Skip the app, order directly and ask for beer mats.
In Toronto, more than anywhere else in the world (with the possible exception of Dublin), pubs are sacred. In London, the only other city that might have come close, they went gastro a generation ago and have never recovered.
Once pubs start getting ideas, it’s almost impossible for them to get their groove back. It’s like John Wayne playing Genghis Khan, Lou Reed teaming up with Metallica, or Kanye getting chummy with Trump. There are other places to go for lardons and apple sorbet.
Toronto’s got a few of those (like The Oxley and the House on Parliament, which to be fair are quite good). But despite Toronto Life magazine occasionally praising a pub for its “exceptional wine list,” the scene is still intact. Blue still reigns supreme on the city’s taps and menus are still comfortably dominated by mozzarella sticks and wings.
The thing about pubs, though, is that they’re pure experience. You go to a pub because you feel like going to a pub. You appreciate the Molson Ex and the poppers, but it’s not why you go.
You go because pubs are a great place to go, as their very name makes clear. Public houses are where the public have gathered, since the last big pandemic in fact, and where we have always had a good time.
But now we’re all at home, and I for one have never even considered getting pub food to go, never mind delivered. And under normal circumstances, I still wouldn’t. It’s not exactly healthy, and I’d be worried that, out of context, it might not even be as yummy as I thought it was.
But in our current circumstances, getting pub grub at home should not only be a consideration. It’s a necessity for two specific and even urgent reasons. With bars, clubs, cinemas, theatres, concert halls, and Sky Zone closed, fun is in short supply these days. We’ve figured out workarounds for the movies, and even the gigs and plays to a certain extent, but there’s still a fun-deficit.
Pubs are fun, and like most things that are, that’s at least as attributable to a state of mind as it is to the material trappings of your local.
So here’s what you need to do.
Order your go-to pub grub
Jessica Buccella, general manager of The Madison and doing double duty as a server at sister pub Pauper’s (both in the Annex), says their most popular pandemic order by far is wings, which though technically you could make at home, “just aren’t the same.” But mozza sticks, chicken fingers, burgers, fries, they’re all available.
How many pints do you usually get?
Be honest. And remember, you’re not going to have to drive home, or even stand up on a streetcar. A standard pint is 568ml, a standard bottle 341ml. That means a six pack is only three-and-a-half pints. Order accordingly.
What about the beer mats?
What would a night out at a pub be without a soggy beer mat to play with, keep unsticking from the bottom of your glass, and ultimately pull apart?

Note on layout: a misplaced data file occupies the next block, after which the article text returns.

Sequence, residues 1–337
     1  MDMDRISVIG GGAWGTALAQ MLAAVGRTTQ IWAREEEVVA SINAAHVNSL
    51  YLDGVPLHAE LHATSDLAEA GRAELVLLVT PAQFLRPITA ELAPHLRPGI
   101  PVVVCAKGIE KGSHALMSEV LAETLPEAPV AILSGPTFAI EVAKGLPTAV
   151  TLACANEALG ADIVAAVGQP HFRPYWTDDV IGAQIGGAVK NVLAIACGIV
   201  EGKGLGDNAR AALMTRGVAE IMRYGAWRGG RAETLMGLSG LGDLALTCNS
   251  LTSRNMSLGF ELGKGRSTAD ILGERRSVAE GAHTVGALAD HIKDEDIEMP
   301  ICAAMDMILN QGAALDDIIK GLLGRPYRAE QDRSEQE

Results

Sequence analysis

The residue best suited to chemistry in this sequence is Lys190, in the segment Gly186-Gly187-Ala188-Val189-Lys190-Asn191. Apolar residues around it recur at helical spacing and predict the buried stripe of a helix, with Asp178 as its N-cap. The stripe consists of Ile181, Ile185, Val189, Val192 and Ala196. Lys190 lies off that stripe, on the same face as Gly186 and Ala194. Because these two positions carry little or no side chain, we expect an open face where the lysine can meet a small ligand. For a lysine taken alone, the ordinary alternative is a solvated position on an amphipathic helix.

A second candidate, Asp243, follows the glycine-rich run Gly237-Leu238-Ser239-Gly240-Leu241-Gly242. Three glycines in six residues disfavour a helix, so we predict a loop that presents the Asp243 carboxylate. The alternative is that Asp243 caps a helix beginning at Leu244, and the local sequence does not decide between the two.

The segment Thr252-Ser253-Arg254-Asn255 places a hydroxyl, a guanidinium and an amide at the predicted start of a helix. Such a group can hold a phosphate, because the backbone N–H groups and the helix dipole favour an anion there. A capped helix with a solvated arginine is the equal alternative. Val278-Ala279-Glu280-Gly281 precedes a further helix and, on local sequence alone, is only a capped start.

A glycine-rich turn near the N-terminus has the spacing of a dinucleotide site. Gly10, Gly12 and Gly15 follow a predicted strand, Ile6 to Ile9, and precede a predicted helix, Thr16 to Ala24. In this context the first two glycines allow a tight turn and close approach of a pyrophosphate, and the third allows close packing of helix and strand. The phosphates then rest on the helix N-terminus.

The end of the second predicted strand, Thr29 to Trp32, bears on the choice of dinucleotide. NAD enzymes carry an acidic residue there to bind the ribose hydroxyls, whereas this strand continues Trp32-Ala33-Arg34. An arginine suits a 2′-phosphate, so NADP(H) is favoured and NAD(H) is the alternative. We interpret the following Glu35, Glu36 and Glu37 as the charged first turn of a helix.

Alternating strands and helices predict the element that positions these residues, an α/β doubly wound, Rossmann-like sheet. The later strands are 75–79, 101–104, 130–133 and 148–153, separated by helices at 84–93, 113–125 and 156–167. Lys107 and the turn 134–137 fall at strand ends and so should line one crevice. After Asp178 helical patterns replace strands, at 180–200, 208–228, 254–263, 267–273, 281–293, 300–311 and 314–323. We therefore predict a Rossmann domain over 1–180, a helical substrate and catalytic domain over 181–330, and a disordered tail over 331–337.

Hot Tip: ask for some, and your pub will almost certainly throw a few into the bag for you. If you were in college at any point in the last decade or so, you probably have a few pint glasses around the place, but if not, Buccella assured me she’d sell you a few for a couple of bucks each.
Call the pub directly
Since Skip the Dishes doesn’t have a “beer mat” box to check, and since they also take a big cut, call your pub directly and see if they deliver (Pauper’s does, for instance).
Want to be even more spontaneous?
Some pubs are selling their appies and other grub frozen, so you can order a few pounds of your favourite chicken fingers or cheese sticks. Pop them in the oven or deep fryer whenever the mood strikes.
Make it social
You may or may not be a Zoomer, or a fan of Microsoft Teams or any of the other video conferencing apps that have taken the place of socializing, but synching up your order with your usual pub buds could heighten the experience.
But if that doesn’t work, and you’ve got someone else in the house, try to make it a communal experience. Order two of everything, and double the beer (or wine, or cocktail kits), dump the wings into a big mixing bowl between you and have a night out.
The second reason we should all be ordering pub food right now is even more urgent.
If we want to ensure that Toronto remains the glorious pub town it has been for the past two centuries, we need to make sure we’ve still got some pubs at the end of this, and that’s not guaranteed if we don’t keep giving them our business.
There are a lot that are still open, like Orwell’s in the west end, The Auld Spot and Rails and Ales on the Danforth, The Dizzy on Roncesvalles, Timothy’s on Brown’s Line, and the city’s oldest pub, The Wheatsheaf (est. 1849), closed for months before the lockdown, and now open for takeout and delivery at King and Bathurst.
Toronto’s a pub town. Let’s keep it that way.